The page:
Undeniably, language is hugely important in shaping how we see the world. It's also extremely important in shaping how we see, and feel, about ourselves. The effects of harmful language can be lasting- a constant reminder of who holds the power in society. It's not surprising, then, that the story of empowerment for minorities is also the story of the reshaping, or reclaiming, of harmful language.
Language is something I have been thinking about a lot lately. On a recent trip to Indonesia, I noticed a sign at the airport directing those with impairments to a separate security line. The sign had the usual stick-man in a wheelchair, however, there was something different to it. The word difable hung above the universal symbol for disability. After an intrigued wikipedia search, I learnt that difable is not just a misspelling of disable but in fact has a small (yet crucial) difference in meaning. Difable is defined as someone who has the "ability to run different activities". That is, an individual who is not unable but merely undergoes day to day tasks in a way that is different to the 'average' person. It rings true. For a place with a bad track record for the rights of those with disabilities, I thought this was surprisingly progressive.
The story of empowerment for minorities is also the story of the reshaping, or reclaiming, of harmful language.
As with all things, language is not something that all people with a disability agree on. Some may prefer to identify with the word 'difabled' or use people-first language (person with a disability, not disabled person). To some, this type of language emphasises that disability is just one aspect of their multi-faceted person. However, to others, this type of language seems to suggest that disability is not something to be proud of. To boldly claim, "I am disabled" reminds such individuals that it should be celebrated as an important part of their identity. And some people just couldn't care less either way.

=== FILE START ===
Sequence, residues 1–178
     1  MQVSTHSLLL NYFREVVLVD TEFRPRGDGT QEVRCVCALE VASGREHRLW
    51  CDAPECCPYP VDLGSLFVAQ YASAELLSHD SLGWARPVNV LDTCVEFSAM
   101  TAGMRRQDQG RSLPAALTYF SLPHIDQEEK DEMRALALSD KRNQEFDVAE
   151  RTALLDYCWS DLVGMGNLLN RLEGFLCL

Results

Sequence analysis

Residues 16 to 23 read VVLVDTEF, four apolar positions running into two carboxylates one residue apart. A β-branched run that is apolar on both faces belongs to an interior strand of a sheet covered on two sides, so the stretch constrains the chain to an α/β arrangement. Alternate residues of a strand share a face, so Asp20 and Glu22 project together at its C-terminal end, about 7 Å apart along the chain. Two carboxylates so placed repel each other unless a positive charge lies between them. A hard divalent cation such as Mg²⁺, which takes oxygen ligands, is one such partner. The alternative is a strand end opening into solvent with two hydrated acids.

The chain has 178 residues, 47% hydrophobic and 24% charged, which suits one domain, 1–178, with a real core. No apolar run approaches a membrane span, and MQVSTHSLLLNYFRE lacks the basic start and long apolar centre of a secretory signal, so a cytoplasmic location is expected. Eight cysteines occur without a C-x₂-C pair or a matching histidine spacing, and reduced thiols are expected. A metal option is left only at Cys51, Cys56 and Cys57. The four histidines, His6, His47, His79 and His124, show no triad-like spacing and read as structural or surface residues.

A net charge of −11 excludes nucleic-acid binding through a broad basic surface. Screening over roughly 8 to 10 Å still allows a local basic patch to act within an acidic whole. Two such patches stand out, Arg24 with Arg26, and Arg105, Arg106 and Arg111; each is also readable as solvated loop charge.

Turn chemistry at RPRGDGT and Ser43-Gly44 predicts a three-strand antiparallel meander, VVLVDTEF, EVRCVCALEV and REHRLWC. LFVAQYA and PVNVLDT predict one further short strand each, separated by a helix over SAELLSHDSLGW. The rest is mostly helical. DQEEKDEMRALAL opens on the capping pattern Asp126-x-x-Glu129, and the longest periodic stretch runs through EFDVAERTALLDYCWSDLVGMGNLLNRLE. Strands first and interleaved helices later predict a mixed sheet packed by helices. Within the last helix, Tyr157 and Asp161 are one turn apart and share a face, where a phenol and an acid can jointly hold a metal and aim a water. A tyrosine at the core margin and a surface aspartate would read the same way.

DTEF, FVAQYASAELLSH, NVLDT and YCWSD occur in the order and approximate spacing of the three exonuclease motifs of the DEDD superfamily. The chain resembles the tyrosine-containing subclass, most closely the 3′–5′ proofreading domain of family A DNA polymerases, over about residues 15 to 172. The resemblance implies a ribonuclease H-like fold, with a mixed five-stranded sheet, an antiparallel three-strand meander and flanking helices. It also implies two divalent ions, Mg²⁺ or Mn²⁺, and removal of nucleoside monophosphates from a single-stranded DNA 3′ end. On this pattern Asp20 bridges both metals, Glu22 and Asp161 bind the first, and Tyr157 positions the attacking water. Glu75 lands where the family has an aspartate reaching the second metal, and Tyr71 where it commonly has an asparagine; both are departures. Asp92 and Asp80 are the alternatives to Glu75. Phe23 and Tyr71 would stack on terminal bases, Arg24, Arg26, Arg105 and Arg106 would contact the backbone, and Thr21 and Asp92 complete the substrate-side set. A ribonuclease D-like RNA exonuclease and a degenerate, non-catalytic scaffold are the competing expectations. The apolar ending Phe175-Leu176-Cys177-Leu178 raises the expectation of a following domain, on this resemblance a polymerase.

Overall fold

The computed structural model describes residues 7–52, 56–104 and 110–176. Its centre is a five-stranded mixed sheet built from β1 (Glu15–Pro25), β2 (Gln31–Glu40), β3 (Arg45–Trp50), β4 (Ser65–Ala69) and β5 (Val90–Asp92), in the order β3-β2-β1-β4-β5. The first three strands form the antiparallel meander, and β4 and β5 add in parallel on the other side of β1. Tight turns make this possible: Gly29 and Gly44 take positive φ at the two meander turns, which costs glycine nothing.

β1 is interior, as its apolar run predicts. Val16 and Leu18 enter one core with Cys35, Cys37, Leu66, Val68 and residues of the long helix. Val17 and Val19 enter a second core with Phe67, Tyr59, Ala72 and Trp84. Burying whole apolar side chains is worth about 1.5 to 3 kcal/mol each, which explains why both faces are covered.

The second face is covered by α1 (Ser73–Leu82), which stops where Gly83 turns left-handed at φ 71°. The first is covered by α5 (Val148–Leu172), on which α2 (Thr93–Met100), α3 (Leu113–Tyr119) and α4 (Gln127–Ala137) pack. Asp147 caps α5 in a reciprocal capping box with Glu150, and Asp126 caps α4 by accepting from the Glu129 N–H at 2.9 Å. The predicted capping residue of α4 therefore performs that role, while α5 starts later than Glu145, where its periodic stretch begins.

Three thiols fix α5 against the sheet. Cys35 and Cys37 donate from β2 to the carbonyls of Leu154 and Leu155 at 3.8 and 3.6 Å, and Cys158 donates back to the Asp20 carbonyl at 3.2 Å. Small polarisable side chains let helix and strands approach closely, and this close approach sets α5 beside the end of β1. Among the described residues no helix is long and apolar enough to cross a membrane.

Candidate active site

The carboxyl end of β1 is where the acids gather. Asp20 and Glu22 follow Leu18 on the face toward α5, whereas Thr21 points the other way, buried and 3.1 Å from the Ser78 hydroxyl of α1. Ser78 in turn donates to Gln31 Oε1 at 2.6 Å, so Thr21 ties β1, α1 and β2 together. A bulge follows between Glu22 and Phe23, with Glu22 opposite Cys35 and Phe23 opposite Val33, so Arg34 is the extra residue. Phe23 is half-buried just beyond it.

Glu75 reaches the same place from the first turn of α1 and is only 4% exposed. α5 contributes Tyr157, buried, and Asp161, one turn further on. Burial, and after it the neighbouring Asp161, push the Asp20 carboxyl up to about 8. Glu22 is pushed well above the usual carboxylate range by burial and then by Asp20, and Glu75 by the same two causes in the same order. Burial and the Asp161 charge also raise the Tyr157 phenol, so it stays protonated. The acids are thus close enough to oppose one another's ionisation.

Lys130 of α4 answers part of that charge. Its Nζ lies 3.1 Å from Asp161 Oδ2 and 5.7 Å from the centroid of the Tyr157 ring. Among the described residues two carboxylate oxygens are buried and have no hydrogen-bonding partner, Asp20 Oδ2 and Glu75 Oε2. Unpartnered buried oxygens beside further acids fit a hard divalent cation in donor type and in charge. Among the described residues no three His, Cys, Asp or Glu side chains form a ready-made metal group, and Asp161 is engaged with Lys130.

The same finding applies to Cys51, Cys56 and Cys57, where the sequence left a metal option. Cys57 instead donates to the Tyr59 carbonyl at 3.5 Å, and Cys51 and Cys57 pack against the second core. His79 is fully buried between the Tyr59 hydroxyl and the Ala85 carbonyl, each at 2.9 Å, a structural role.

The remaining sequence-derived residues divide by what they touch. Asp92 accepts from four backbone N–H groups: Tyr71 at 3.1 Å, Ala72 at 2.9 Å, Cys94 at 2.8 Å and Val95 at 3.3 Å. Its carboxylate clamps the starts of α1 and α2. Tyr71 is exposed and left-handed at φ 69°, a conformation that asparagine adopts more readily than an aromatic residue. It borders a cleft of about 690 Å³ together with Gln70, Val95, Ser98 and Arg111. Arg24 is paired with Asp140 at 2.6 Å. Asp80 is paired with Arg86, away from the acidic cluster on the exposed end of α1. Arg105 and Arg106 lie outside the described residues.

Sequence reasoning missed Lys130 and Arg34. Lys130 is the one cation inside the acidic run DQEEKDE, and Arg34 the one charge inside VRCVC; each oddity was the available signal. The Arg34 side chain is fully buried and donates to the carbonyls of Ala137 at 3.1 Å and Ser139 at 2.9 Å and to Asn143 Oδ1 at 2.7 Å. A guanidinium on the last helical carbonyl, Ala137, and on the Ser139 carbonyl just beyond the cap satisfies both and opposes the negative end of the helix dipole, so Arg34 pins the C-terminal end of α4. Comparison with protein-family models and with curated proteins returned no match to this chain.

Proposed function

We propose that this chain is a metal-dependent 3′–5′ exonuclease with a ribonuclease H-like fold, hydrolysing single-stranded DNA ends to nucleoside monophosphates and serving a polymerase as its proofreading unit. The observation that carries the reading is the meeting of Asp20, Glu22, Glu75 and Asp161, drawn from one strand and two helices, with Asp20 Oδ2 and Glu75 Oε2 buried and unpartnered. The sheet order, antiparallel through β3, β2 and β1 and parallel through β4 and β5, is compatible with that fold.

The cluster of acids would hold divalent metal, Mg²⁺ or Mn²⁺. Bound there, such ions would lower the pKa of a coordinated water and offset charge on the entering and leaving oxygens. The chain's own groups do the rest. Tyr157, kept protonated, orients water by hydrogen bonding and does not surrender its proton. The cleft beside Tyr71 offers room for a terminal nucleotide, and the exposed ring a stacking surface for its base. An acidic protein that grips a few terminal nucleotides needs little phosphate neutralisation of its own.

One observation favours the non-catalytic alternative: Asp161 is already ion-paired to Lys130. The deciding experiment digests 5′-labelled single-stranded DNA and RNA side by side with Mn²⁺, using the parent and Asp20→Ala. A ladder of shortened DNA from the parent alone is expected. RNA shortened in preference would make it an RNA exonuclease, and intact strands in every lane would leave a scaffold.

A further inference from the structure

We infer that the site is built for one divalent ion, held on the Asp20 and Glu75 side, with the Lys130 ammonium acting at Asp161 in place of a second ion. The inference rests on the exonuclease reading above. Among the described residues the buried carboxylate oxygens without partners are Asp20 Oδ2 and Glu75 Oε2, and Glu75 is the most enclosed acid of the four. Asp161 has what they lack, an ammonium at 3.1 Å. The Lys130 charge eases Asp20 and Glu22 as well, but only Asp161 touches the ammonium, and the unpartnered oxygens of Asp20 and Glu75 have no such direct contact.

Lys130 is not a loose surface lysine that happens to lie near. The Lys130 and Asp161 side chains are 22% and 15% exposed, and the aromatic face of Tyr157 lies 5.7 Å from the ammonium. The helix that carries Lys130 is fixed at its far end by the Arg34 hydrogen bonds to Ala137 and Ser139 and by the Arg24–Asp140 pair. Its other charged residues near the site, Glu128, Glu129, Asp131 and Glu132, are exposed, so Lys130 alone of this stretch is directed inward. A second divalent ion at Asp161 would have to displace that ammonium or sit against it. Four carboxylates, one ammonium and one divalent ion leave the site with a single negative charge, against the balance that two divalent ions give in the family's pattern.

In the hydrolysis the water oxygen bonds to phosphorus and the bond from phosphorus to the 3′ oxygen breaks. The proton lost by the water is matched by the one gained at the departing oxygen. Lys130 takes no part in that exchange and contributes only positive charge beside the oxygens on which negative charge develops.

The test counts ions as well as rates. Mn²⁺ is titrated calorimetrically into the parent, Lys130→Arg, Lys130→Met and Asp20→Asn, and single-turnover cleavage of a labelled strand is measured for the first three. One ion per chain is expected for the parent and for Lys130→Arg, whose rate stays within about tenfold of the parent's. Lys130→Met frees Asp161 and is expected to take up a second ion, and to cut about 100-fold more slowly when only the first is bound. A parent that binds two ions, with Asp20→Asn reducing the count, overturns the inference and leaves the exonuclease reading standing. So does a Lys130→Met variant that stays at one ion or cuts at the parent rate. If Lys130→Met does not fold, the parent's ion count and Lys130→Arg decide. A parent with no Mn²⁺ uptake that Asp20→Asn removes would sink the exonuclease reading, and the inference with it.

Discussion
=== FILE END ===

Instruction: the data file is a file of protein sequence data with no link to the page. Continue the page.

Personally, I think language has a great deal of power. Certainly, if any able bodied person were ever to call me (or any other person with a disability), "crippled", they would be getting a piece of my mind. But, can myself and others in the community use the word? For sure. Like a lot of issues we face, the use of language represents individuality and autonomy.
Most importantly, language shapes identity. It can be difficult to know how to refer to someone, and it can definitely be awkward if you make it. But, it's important to listen. We all know how livid we get when the world mistakes New Zealand for Australia. It may just be a word, but it represents a lot more.